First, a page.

The car itself is a Kalamazoo Model 6, which in 1955 sold for a mere $285.00 (the Model 6 was the narrow-gauge version of the standard gauge Model 1. It used wheels that the company generally used on its motorized “speeders”.) Because most railroads had converted to speeders to perform the same function many years before, it’s quite likely this is the last handcar—almost certainly the last narrow-gauge handcar—that Kalamazoo ever produced. The elaborate paint scheme may reflect this.
Disney’s car was painted yellow, with the steel parts painted black. On the sides of the A-frame pump support, “Kalamazoo Manufacturing Company” was painted in decorative script. Pin striping adorned the wheels and A-frame, and a large calligraphic “K” was painted in red on the A-frame ends.
The commonly circulated story is that the handcar was a gift from the people at the Kalamazoo Manufacturing Company in 1964. Because of its elaborate decoration and brass names plates (the Disney handcar is the only Kalamazoo car known to have these plates), it is possible that Kalamazoo donated it to Disney knowing it would be a showpiece for the company. It is more likely, however, that it had been a gift from Walt’s friend Jerry Best. Where the date 1964 comes from is a mystery; it may have begun with the Birnbaum Disneyland travel guides, and has often been repeated in other books and histories. David Smith, the Walt Disney Company’s former archivist, has searched through Disney’s correspondence from the period to see if there might be some sort of mention of the handcar, perhaps in a “thank-you” letter, but has not been able to find anything conclusive.
We have a slightly easier time affixing a date when the handcar arrived, and indeed, we can come within eight months of a positive date. Through the study of old photographs, we can see that the 1964 date is a fabrication with no basis in fact.
This photo, while undated, gives us some clues:
The biggest clue can be seen just to the left of the engine’s headlight. Those turquoise stairs and railings belong to the backside of the Plantation House restaurant, what once was Frontierland’s premier dining spot. As you can see, it’s quite close to Frontierland Station.
In March 1956, however, the station was moved to the west, and away from the Plantation House. In later photos, the restaurant isn’t even visible. So, we can logically assume that Disney received the handcar between opening day and early 1956—roughly an eight-month span.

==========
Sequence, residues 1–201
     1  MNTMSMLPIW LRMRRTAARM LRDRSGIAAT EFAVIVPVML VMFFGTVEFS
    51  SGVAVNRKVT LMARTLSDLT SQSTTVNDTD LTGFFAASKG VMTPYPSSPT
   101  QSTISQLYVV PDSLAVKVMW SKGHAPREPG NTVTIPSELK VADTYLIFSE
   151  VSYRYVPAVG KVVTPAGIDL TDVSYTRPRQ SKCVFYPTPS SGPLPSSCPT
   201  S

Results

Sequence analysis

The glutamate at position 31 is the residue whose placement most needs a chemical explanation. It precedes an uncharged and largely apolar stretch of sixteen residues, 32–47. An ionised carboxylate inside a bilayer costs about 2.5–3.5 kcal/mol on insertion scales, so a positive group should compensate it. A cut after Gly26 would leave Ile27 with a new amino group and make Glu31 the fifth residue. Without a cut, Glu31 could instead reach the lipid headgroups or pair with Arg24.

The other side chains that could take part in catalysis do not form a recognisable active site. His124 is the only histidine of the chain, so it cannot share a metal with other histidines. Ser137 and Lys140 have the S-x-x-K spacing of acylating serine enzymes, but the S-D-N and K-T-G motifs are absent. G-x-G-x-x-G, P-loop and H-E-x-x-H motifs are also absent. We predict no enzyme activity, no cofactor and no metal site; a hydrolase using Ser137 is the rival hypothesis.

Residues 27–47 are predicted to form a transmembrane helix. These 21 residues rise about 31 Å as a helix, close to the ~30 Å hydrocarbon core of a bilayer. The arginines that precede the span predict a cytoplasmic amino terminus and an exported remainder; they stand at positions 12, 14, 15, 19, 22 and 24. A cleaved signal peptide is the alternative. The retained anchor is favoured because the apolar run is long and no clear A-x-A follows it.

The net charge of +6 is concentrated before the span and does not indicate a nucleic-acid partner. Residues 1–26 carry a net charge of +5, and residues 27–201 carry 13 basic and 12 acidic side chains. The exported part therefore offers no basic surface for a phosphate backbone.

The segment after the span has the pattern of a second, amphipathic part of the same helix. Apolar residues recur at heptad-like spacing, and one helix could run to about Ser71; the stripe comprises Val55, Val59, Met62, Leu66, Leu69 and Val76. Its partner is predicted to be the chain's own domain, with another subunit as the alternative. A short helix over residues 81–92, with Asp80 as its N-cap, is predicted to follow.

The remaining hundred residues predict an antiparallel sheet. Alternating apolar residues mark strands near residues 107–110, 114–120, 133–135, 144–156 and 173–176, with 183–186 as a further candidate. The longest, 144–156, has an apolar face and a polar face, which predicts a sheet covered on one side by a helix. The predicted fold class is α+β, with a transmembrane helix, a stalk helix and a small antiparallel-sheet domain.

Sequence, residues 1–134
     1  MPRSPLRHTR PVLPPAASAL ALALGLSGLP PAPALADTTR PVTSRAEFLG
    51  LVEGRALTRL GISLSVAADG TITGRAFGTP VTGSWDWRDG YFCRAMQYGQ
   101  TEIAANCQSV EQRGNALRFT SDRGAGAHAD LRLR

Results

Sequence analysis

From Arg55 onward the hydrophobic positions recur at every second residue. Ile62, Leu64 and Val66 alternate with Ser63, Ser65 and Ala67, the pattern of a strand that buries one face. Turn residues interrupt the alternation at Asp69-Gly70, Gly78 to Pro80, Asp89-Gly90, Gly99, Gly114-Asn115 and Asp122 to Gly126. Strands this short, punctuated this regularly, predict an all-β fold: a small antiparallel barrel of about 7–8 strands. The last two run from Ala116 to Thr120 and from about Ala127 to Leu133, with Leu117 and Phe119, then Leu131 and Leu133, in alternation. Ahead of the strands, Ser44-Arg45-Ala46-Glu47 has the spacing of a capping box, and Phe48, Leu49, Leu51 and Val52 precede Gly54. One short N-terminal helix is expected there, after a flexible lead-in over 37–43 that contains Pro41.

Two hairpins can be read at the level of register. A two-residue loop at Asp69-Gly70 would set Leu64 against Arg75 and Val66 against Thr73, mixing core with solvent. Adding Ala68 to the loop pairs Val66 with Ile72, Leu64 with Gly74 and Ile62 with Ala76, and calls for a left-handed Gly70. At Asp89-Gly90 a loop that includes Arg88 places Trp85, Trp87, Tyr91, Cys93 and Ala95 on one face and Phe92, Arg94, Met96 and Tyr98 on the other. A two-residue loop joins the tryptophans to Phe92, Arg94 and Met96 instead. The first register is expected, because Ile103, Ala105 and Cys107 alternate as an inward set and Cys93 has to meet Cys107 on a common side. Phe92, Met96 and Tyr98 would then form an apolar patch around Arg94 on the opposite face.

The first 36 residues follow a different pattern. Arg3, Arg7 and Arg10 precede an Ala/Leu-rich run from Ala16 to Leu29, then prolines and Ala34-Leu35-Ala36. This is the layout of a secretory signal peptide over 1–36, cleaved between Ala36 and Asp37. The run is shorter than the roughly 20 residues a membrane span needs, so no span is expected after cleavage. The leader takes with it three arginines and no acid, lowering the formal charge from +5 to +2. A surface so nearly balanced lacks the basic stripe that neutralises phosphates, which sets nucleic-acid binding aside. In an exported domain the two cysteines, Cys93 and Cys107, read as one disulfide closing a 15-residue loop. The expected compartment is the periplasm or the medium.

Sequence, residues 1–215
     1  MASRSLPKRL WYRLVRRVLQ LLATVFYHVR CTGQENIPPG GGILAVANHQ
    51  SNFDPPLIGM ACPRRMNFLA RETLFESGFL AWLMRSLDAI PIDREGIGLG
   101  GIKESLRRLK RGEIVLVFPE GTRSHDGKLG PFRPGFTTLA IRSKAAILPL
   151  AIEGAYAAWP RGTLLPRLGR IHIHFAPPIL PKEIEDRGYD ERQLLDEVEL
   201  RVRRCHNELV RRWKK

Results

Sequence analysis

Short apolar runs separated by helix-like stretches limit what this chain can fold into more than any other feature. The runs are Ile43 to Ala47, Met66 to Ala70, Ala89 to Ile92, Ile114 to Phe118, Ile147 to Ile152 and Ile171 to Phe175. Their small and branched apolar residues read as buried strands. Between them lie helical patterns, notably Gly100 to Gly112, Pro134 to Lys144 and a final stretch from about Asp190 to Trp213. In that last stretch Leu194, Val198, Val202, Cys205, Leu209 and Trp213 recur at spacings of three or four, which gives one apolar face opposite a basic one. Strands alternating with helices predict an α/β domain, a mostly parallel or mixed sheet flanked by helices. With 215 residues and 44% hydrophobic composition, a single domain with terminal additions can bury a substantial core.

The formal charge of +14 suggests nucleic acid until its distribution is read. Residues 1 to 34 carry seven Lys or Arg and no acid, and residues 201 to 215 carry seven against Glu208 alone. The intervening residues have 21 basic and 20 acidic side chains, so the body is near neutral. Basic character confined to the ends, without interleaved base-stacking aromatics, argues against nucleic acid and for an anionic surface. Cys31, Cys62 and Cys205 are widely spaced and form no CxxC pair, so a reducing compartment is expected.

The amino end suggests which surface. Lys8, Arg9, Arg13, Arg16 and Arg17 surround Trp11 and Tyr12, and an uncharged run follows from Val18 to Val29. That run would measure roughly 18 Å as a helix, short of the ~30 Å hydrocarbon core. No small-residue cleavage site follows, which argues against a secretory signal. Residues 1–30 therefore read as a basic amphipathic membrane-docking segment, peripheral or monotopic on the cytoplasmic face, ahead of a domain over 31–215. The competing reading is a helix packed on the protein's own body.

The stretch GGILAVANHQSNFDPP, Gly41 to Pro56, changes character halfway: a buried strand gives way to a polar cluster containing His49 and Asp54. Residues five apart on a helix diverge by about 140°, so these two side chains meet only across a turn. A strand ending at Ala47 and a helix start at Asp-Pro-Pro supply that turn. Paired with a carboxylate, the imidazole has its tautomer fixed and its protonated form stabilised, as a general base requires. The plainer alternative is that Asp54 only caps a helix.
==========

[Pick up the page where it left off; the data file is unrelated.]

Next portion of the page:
When the car gained its permanent home on the siding in front of Main Street Station can also be rather easily deduced, but not precisely. The passing siding at Main Street was once functional in the park’s early history, allowing one train to pass around another train that was stopped at the station. This practice probably ceased sometime in 1956, when the Fantasyland Station was constructed.
While the handcar is fully functional and is maintained on a regular basis, it is seldom used. In the past, this was not the case, and there are cast member stories of “hijacking” the handcar for impromptu spins around the main line. Al DiPaolo recalls:
Late one night after the park closed and the railroad was going to be closed for a short rehab, I arranged with some of the conductors to take the handcar out for a spin. Even though there were four of us aboard, it was a real workout to climb the Big Thunder grade. It was still a lot of fun to go around the park in the darkness with the only sound being the clickety-clack of the rails and the meshing of the gear teeth…and of course the panting of the four guys pumping!
The typical handcar can be brought up to nearly 25 miles an hour, with four strong backs pumping and a good tailwind pushing it. The Disney handcar, like all handcars, relies only on the pressure of wooden brake shoes applied by foot pressure from a pedal on the handcar deck. The Disneyland Railroad Kalamazoo handcar has been a fixture at Disneyland since nearly the beginning. Like many things at Disneyland, it is unique to the California park, a detail closely associated with Walt Disney himself. You may not have given the contraption a second thought, but the next time you ride the trains of the Disneyland Railroad, try to catch a glimpse of the handcar. It’s just another detail Walt Disney wanted you to enjoy.
The speeder, on the other hand, is a small motorized, modernized version of a handcar. It is used much like an automobile on flanged wheels, transporting workers and materials around the main line. The current speeder is a battery-powered Taylor-Dunn golf cart-style vehicle, with flanged wheels installed from the previous speeder. That speeder, manufactured by Kalamazoo and painted yellow for safety, blew up its engine in the mid-1990s and was not deemed repairable. The electric speeder is capable of pulling a small trailer or two of tools, spikes, or re-railing frogs anywhere on the system. Disney animator Ollie Johnston owned one of the original park speeders that had been built by Fairmont.
Continued in "The Disneyland Railroad"!